Finally, the author’s more than half a century of enthusiasm for Baxter manifests itself in another way: his strange account of the English Reformed assessment of Rome. He rightly says that the Reformed thought of Rome as a “false religion” (pp. 18–19), but when he says, “Roman Catholicism as they knew it, or thought they knew it” (p. 19) he implies that the Perkins et al. were mistaken in their assessment. “Rightly or wrongly, Puritans generally saw the Roman Catholic Church as embodying the principle of justification by meritorious works” (p. 19) Perhaps they thought such because Rome declared that doctrine to be dogma at the Council of Trent in 1547? The reader should do his own reading and start with William Perkins’ 1597 treatise, A Reformed Catholic, where he carefully lays out the areas of agreement between Rome and the Reformed, and then just as carefully explains how the Reformed are the genuine heirs of a truly catholic (universal) Christian faith and how Rome degenerated into sectarianism.

Apart from the Evangelicals and Catholics Together episodes, J. I. Packer has served us all well for a very long time. Fundamentalism and the Word of God (1958), Knowing God (1973), and other titles have offered us paths back to Reformed theology and piety. The latter was particularly influential upon the present reviewer. I had never read a book like it. That book was my bridge from the theology and piety of American revivalism to the Reformation. The present volume is typical Packer: warm, well-written, and engaging. It does its job of enticing the reader to read the Puritans for himself, to pray while he studies and to study while he prays.

©R. Scott Clark. All Rights Reserved.

Editor’s Note: This article was originally published on the Heidelblog in 2015.


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  1. Thank you for this article. It helped me to see that the Puritans are not a monolith and should be evaluated person by person. That way, one will not embrace someone like Baxter and assume he is in the same category as Owen (for example).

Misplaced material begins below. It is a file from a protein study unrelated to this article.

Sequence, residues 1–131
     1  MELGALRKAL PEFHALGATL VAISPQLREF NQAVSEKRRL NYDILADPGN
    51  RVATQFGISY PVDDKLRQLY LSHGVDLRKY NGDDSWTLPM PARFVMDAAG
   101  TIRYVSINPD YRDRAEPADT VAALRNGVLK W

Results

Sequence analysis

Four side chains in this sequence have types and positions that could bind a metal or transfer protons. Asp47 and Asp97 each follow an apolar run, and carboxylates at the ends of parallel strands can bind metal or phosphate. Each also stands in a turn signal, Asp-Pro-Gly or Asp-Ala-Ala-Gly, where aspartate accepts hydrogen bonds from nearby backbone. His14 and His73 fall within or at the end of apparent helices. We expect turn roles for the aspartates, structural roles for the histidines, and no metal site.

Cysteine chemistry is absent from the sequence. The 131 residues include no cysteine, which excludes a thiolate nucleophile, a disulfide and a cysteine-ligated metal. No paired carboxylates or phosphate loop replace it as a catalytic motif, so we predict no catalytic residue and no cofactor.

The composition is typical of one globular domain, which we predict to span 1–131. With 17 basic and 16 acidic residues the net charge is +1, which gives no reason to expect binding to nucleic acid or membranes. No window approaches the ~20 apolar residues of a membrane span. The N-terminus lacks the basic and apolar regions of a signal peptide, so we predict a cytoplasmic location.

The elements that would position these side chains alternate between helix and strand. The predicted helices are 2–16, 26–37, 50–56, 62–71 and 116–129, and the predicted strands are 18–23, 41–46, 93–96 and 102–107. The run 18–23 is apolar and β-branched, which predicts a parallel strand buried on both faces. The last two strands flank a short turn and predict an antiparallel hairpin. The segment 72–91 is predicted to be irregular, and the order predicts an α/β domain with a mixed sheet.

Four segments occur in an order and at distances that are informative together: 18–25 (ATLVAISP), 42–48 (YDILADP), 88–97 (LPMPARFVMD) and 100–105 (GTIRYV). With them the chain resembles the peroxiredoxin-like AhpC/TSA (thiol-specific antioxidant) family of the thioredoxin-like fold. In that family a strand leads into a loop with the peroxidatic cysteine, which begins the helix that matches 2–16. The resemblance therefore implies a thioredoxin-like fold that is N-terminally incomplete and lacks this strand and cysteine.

This sentence was brilliant:
    “Like modern evangelicals, the more closely one looks at them (the Puritans) the more they seem to disappear.”

    Packer himself is an enigma to me: Knowing God continues to deeply impact my life and at times, he says absolutely wonderful things about the Cross and the gospel. For example, he quickly summarized the gospel message as being “adoption through propitiation.”

    He at times seems to communicate other things that go against the Gospel–or at least become murky. For example, the Catechism he wrote at the end of his life (that the ACNA now uses) does not even mention justification and seems fuzzy on the finished work of Christ and sola fide.

    Maybe I am reading him incorrectly…but I don’t get this fuzziness when I read someone like Cranmer, Luther, or Machen.

  2. Thank you for this assessment. I have to admit — I am fairly new at wading into the Puritans. I am reading O’Reilly’s new book called “Killing the Witches” where he speaks about the Puritan influence in the Massachusetts Bay Colony. What I am reading seems much more like Christian Nationalism’s (Doug W.) emphasis on theonomy and post-mill than the Reformed Theology I know and love.

    I would love for someone at WSCAL to write a book that can help lay people like me to understand both the good and bad of the Puritan movement. Sometimes it feels like there is such praise for the Puritans, yet in O’Reilly’s book I see theocracy and law-driven death punishments — abuse of women in the colony — lies about others in order to punish — the propensity to be super-suspicious (thus the emphasis on witchcraft as an excuse to accuse others of sin). When others ask us questions about them, it would be nice to have a real theological historian tackle this topic — the abuses of the Puritans, etc.

    • You’re correct. I attend an Anglican church because I love it’s rich liturgy.
      But, it’s a mixed bag of old and new covenant.
      I’m a reformed guy. So those inferences that won’t allow for a compete assurance giving a synergistic need to be sure, I filter through the gospel.
      I think it’s best to go from a foothold on the reformed understanding of assurance to Anglicanism. I almost feel bad for those who grew up Anglican. Unless they’ve read Ashley Null, and men like Owen they’ll look to secure and polish off their justification.